Shavelle Chavez-Nelson, 31, of Eagan, also known as Anthony Lee Nelson
Dakota County Jail,
Convictions prolific for Rosemount murder suspect
- Article by: Pat Pheifer AND ABBY SIMONS
- Star Tribune staff writers
- October 5, 2013 - 10:36 PM
Shavelle Chavez-Nelson spent a total of less than four of the past 14 years outside the walls of Minnesota jails or prisons. In that time, he was accused or convicted of at least seven violent crimes.
He and Anarae Schunk, a smart 20-year-old college student, met at a bus stop in the summer of 2012, during Nelson’s longest stretch as a free man. He told her he was a hedge fund manager, and despite the disapproval of her family and friends, Schunk dated him for a few months. Those who knew her say she thought she could help him.
Court documents and interviews reveal that Nelson, also known as Anthony Lee Nelson, may have been too far entrenched in a violent lifestyle to be reformed by anyone, let alone a young woman from Burnsville whom everyone agreed had a bright future.
The story of what happened when their paths crossed also raises the question of why someone with a propensity toward crime and violence was released from behind bars time and time again.
Nelson is a suspect in Schunk’s death, although charges are not expected to be filed for several weeks. He is charged with second-degree murder in the death of Palagor Obang Jobi, 23, of Savage, and is in the Dakota County jail in lieu of $2 million bail. Jobi was killed the same night Schunk disappeared.
“I think she understood that he had a violent criminal history. But she also believed in the good of humanity and in people’s power to change, and her power to bring that change about,” Schunk’s oldest brother, Tyson, said Thursday, two days after police announced that a body found in a roadside ditch was his sister’s.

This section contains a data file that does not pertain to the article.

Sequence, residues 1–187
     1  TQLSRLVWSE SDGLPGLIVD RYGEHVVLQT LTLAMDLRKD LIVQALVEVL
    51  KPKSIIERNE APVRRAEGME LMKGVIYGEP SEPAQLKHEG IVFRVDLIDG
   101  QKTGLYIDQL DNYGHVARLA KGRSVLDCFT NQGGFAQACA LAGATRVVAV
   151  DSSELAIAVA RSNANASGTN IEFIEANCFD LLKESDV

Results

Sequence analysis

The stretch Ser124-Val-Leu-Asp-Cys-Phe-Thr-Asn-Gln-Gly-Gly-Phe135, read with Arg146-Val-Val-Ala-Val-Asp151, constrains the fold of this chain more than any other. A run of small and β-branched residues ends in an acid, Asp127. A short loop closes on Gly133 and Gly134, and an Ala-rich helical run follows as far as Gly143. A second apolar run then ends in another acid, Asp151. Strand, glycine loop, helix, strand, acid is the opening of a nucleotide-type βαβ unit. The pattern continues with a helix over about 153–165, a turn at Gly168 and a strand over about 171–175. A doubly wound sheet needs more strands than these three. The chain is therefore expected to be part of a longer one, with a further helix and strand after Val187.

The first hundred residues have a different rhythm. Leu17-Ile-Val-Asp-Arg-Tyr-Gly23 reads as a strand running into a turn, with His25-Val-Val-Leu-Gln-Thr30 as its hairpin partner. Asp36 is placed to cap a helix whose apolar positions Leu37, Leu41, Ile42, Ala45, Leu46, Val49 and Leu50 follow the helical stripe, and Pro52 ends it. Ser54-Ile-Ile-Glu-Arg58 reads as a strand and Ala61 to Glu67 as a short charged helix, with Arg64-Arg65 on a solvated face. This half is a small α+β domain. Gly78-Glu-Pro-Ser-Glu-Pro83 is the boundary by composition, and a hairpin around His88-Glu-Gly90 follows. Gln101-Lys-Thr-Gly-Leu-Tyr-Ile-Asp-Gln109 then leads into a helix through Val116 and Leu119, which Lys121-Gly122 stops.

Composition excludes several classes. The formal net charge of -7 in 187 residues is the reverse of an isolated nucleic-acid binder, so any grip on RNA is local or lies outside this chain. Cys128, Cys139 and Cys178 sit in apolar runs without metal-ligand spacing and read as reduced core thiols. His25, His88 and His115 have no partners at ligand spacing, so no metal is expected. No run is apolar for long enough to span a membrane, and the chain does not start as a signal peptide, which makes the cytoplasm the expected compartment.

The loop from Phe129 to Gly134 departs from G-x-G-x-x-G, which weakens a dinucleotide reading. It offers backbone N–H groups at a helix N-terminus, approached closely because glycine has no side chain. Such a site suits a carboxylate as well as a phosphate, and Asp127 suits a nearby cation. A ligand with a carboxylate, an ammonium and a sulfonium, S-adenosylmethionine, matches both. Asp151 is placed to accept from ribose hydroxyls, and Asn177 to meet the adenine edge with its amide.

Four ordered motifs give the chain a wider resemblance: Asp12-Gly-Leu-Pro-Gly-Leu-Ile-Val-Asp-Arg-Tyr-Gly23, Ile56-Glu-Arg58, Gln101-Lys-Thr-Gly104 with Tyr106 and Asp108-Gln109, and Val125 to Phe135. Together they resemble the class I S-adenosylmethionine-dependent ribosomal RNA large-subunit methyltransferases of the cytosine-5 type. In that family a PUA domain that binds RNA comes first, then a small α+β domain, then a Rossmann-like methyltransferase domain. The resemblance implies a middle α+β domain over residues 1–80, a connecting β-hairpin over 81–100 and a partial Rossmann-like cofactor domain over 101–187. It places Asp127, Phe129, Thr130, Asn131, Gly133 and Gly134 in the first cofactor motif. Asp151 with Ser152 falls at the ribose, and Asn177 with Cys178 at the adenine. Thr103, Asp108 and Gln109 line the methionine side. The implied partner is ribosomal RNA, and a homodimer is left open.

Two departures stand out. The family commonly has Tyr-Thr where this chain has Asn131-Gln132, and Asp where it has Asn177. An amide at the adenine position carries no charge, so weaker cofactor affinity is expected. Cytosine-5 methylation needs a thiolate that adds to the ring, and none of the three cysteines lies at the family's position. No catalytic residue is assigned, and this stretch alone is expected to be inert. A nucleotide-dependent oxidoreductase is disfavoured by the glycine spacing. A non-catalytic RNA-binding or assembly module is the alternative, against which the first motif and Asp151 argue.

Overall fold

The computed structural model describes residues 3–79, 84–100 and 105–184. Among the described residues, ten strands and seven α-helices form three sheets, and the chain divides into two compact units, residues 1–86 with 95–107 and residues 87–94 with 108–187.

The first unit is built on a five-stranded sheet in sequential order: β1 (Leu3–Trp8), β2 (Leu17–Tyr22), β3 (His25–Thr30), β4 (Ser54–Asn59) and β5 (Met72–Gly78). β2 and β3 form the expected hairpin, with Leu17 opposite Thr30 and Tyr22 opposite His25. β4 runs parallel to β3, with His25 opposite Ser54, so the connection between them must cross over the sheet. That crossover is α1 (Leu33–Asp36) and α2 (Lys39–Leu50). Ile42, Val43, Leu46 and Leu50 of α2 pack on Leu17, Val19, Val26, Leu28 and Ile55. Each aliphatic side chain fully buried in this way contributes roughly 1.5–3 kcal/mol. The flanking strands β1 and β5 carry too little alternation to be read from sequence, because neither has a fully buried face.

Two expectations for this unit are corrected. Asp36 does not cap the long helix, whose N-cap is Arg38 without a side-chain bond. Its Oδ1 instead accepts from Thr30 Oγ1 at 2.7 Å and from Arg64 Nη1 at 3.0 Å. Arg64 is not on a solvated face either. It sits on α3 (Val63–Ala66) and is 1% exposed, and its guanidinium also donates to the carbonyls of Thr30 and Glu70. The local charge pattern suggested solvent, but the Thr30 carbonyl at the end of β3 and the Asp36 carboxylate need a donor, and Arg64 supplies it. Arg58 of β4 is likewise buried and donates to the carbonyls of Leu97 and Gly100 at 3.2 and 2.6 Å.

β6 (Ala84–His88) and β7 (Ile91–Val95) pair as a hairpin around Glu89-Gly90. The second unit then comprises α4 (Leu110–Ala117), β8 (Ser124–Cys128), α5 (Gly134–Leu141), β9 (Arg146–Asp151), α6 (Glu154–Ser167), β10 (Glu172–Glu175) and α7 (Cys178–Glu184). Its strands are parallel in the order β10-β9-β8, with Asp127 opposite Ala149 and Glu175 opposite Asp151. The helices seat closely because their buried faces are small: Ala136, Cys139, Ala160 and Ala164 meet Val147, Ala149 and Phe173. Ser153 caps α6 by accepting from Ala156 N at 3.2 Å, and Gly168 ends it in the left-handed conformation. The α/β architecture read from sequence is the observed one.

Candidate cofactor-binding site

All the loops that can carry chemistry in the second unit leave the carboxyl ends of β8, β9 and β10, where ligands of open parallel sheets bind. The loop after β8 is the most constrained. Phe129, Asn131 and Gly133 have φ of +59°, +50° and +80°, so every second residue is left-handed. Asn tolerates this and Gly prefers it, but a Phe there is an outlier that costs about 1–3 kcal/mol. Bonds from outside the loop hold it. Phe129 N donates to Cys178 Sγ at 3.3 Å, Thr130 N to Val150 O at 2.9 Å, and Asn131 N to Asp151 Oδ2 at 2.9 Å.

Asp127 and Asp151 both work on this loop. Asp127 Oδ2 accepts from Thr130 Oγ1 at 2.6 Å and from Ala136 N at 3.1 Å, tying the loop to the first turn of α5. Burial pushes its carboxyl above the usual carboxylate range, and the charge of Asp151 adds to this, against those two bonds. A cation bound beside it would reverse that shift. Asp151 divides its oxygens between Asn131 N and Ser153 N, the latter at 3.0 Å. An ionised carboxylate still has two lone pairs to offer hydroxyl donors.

Jobi’s and Schunk’s deaths appear to have been the culmination of a crescendo of violent crimes that had Nelson bouncing in and out of custody.
He served nearly eight years for his most recent robbery convictions. State law mandates that incarcerated offenders serve two-thirds of their sentence behind bars, with the remaining third on supervised release. A month after his parole ended, he was charged with armed burglary. He spent most of the past three months in jail and was freed Sept. 19 after posting $25,000 bail.
Three days later, Jobi was dead and Schunk missing.
Nelson’s release infuriated Schunk’s loved ones, who say he shouldn’t ever have been out of prison, much less jail.
Hennepin County District Judge Daniel Moreno, who set Nelson’s bond amount, would not comment on the case.
“There would be an explosion in our jails if judges set bail based on what might happen,” said Mark Osler, a professor of criminal law at the University of St. Thomas School of Law. “Every defendant poses a risk. With 20/20 hindsight, to say this risk was realized, it’s heartbreaking. But that doesn’t make it effective to deny bail to everyone who is a risk.”
A case like this is “a judge’s worst nightmare,” said retired Ramsey County District Judge Kathleen Gearin. “There’s probably not a judge sitting who hasn’t second-guessed themselves when something bad happens.”
‘Frightening and disturbing’
Nelson’s crimes share a common theme. In nearly every one, he pointed a pistol at his victim’s head, and in most cases, he threatened to kill them if they didn’t turn over their valuables.
But he wasn’t your typical thug, court transcripts show.